This year one of Michigan’s premier jazz ensembles, the Grand Rapids Jazz Orchestra, will present big band and original compositions. Some of the area’s finest musicians will be performing, including vocalist Edye Evans-Hyde. There is no charge for the concert, but a National Park pass is required for parking. Free shuttle buses will provide transportation to overflow parking lots. Bring chairs or (better) blankets to sit on. Some folding chairs are also provided in front of the stage. In the event of rain, the show will go on at the Glen Arbor Town Hall.

The Dune Climb concert is an amazing experience for folks young and old (sand dune = good fun for energetic kids) and is part of the Glen Arbor Art Association’s Manitou Music Festival.

If you regularly follow Michigan in Pictures, you know that I don’t often feature my own photos but this one really captures the amazingness of the dune concert! The ladies at the top are actually hundreds of feet up the dune yet still getting amazing sound flowing up to them. Check it out background big and see more from the show including the unmodified version of this photo in my Music Makes Me Smile slideshow. The photo uses a technique called “tilt-shift” created using a simple photoshop technique.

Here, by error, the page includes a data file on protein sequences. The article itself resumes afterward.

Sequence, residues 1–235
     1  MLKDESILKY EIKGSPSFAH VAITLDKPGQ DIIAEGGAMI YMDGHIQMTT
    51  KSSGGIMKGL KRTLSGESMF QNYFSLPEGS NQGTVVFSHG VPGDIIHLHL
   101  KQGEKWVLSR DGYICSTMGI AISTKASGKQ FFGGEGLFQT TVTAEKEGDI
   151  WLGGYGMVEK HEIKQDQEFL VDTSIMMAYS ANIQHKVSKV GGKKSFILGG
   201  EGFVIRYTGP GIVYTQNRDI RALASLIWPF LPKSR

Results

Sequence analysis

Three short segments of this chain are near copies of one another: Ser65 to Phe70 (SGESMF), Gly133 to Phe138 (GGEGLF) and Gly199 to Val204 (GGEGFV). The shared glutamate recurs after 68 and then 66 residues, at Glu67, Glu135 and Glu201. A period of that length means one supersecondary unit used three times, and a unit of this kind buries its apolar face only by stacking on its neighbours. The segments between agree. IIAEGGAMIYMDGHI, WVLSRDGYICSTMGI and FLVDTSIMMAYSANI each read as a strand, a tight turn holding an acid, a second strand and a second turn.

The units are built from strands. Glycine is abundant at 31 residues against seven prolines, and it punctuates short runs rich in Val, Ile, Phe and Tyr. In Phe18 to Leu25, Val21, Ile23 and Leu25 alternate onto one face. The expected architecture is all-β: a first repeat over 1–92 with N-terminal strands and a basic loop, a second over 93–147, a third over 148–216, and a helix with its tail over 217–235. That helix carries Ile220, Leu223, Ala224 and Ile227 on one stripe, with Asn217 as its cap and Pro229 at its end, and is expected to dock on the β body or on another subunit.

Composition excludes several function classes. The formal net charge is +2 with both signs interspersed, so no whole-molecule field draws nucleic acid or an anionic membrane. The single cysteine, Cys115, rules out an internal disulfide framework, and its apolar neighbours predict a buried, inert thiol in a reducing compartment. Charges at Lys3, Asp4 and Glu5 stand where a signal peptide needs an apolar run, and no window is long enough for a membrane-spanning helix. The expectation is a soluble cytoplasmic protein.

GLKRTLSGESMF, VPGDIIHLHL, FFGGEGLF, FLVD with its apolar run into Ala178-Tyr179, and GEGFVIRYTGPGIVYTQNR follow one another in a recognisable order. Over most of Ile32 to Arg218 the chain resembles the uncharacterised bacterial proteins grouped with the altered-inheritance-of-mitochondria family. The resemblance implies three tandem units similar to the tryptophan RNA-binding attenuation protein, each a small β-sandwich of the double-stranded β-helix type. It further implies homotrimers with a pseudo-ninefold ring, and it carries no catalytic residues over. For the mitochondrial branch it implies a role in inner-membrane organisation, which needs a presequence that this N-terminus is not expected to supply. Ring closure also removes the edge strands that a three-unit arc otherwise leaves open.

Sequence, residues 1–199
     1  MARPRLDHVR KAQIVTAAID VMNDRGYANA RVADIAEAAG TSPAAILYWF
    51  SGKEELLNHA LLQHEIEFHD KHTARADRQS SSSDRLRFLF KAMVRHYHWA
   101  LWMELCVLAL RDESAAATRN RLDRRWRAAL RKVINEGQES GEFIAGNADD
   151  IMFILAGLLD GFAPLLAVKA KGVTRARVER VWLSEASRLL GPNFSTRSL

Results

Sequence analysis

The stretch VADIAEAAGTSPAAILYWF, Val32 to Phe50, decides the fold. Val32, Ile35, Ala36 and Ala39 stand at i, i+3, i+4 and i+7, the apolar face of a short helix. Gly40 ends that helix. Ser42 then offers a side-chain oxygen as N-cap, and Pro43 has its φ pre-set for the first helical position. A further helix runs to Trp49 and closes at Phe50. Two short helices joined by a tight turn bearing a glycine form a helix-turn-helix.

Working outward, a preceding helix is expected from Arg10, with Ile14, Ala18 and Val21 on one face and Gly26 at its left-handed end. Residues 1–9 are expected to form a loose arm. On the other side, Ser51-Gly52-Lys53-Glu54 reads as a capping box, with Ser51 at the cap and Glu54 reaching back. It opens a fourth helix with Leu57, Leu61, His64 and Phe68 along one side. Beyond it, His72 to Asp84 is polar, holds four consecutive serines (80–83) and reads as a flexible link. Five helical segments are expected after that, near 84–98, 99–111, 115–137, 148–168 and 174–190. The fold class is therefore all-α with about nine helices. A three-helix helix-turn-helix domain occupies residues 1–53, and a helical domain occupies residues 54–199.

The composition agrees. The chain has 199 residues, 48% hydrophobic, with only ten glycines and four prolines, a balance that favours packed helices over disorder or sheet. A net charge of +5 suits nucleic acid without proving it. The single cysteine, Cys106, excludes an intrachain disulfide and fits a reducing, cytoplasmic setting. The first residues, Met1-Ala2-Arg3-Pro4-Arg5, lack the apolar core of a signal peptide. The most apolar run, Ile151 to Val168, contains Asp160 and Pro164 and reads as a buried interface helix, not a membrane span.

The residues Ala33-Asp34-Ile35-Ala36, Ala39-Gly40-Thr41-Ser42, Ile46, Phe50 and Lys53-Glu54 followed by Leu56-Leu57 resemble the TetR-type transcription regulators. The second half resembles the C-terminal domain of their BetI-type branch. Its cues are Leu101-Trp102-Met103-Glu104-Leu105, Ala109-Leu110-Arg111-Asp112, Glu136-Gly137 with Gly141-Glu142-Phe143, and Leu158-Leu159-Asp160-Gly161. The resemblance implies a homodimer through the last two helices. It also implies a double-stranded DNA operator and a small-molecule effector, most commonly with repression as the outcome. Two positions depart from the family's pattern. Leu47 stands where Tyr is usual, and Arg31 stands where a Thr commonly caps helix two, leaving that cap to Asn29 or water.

More dunes on Michigan in Pictures!

Sleeping Bear Dunes Ghost Forest

Ghost Forest

Ghost Forest, photo by Neil Weaver Photography

Walk silently through the haunting landscape of the ghost forest of Sleeping Bear Point Trail
and wind spirits whisper to you and chatter among the skeletons of long dead cedars.
If you do not hear them you are not listening.